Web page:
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Police Deception: Blue Lies Matter

Updated: Jun 11, 2021


The state of Illinois has become the first state in the nation to make it unlawful for the police to deceive youthful suspects by lying to them. Why was that law even needed?


Witnesses and suspects are expected to tell the truth when spilling to the police—most people assume that’s a two-way street. Surprise! The police may legally lie to you during an interrogation. That’s the law.


Worse, cops lie all the time, and young people are the most vulnerable. Tactics include telling suspects that DNA places them at the scene of the crime or claiming eyewitnesses have identified them as a perpetrator of the crime. Law enforcement even lies about the consequences of confessing.


Many of you may recall the infamous “Central Park Five” case from 1989, in which five Black and Latino teens (now known as the Exonerated Five), were coerced into confessing to a rape they didn’t commit. The men served hard prison time before being exonerated in 2002. During individual interrogations, police told each teen that the others had implicated them in the rape.


Another high-profile case occurred in Chicago in which four teens were arrested and imprisoned for over 20 years for a 1995 double murder. Their lawyers had to fight the system for all those years, arguing that police coerced their confessions, before a judge finally set aside their convictions and set them free.


According to the Innocence Project, false confessions have played a role in some 30 percent of all wrongful convictions eventually overturned by DNA evidence. In Illinois, over the past three decades, there have been 100 wrongful convictions relying on false confessions. Thirty-one of these involve children under the age of 18. Recent studies from NYU Law Review suggest people under 18 are two to three times more likely to falsely confess than adults.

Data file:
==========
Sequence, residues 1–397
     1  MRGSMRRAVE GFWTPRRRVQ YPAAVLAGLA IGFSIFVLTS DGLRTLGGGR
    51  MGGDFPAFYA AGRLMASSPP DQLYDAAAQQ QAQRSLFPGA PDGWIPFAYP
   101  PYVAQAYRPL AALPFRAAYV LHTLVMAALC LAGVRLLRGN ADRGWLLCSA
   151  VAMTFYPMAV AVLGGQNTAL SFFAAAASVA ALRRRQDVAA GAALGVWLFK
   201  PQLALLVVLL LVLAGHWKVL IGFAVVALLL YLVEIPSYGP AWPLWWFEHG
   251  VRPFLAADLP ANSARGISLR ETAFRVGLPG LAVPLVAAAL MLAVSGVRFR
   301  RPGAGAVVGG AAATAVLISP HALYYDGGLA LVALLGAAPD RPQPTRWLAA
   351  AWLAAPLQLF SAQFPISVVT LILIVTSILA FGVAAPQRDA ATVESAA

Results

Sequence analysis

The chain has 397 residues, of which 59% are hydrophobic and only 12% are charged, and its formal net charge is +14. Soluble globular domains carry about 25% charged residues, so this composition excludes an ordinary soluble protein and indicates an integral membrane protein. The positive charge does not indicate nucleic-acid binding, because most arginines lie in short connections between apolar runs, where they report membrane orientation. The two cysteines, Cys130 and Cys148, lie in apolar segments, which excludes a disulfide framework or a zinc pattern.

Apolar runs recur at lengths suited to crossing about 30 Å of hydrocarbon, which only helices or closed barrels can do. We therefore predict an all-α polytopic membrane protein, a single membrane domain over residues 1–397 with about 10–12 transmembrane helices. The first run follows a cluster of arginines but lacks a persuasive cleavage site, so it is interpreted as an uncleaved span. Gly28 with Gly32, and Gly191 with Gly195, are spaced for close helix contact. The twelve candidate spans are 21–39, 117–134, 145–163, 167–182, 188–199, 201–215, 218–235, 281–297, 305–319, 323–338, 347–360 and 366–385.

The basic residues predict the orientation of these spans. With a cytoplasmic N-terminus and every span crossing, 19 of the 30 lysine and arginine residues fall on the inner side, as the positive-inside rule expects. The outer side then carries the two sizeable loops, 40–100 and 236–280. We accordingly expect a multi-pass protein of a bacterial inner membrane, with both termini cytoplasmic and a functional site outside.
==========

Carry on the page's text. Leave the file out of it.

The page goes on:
In recent years, there has been a growing movement for change, and last month, Illinois became the first state to ban these practices. Last month, the Illinois General Assembly passed Senate Bill 2122 with near-unanimous support.


“Chicago is the wrongful conviction capital of the nation, and a disproportionate number of wrongful convictions were elicited from Black youth by police who were allowed to lie to them during questioning,” said Sen. Robert Peters (D), one of the bill's sponsors. “They’re scared and are more likely to say whatever it is they think the officer wants to hear to get themselves out of that situation, regardless of the truth. Police officers too often exploit this situation in an effort to elicit false information and statements from minors in order to help them with a case.”


The bill bans police from lying to minors during an interrogation. If an officer knowingly provides "false information about evidence or leniency during interrogation," any statements from a suspect under 18 would be inadmissible as evidence in court. The bill does not include punishments for police officers who lie or use deceptive tactics during interrogations. Gov. J.B. Pritzker is expected to sign it into law in the coming weeks.


Although more work needs to be done, I commend the Illinois General Assembly on this historic legislation that will safeguard against the wrongful convictions of our young adults. Hopefully, this will be the beginning of rebuilding confidence and trust in a system that has caused much harm for far too long – particularly to black youths.


As of this writing, a similar bill recently passed the Oregon House and is headed to the Senate. New York also has a bill pending. Will more states follow their sensible lead? You have the power to help end police deception. Call or write your state lawmakers and ask them to support all efforts to ban these coercive practices by law enforcement.


Mark M. Bello, a trial lawyer, is the author of “Betrayal in Black” and other ‘ripped from the headlines’ Zachary Blake Social Justice Legal Thrillers available on Amazon.com and other online booksellers. For more information, please visit www.markmbello.com.

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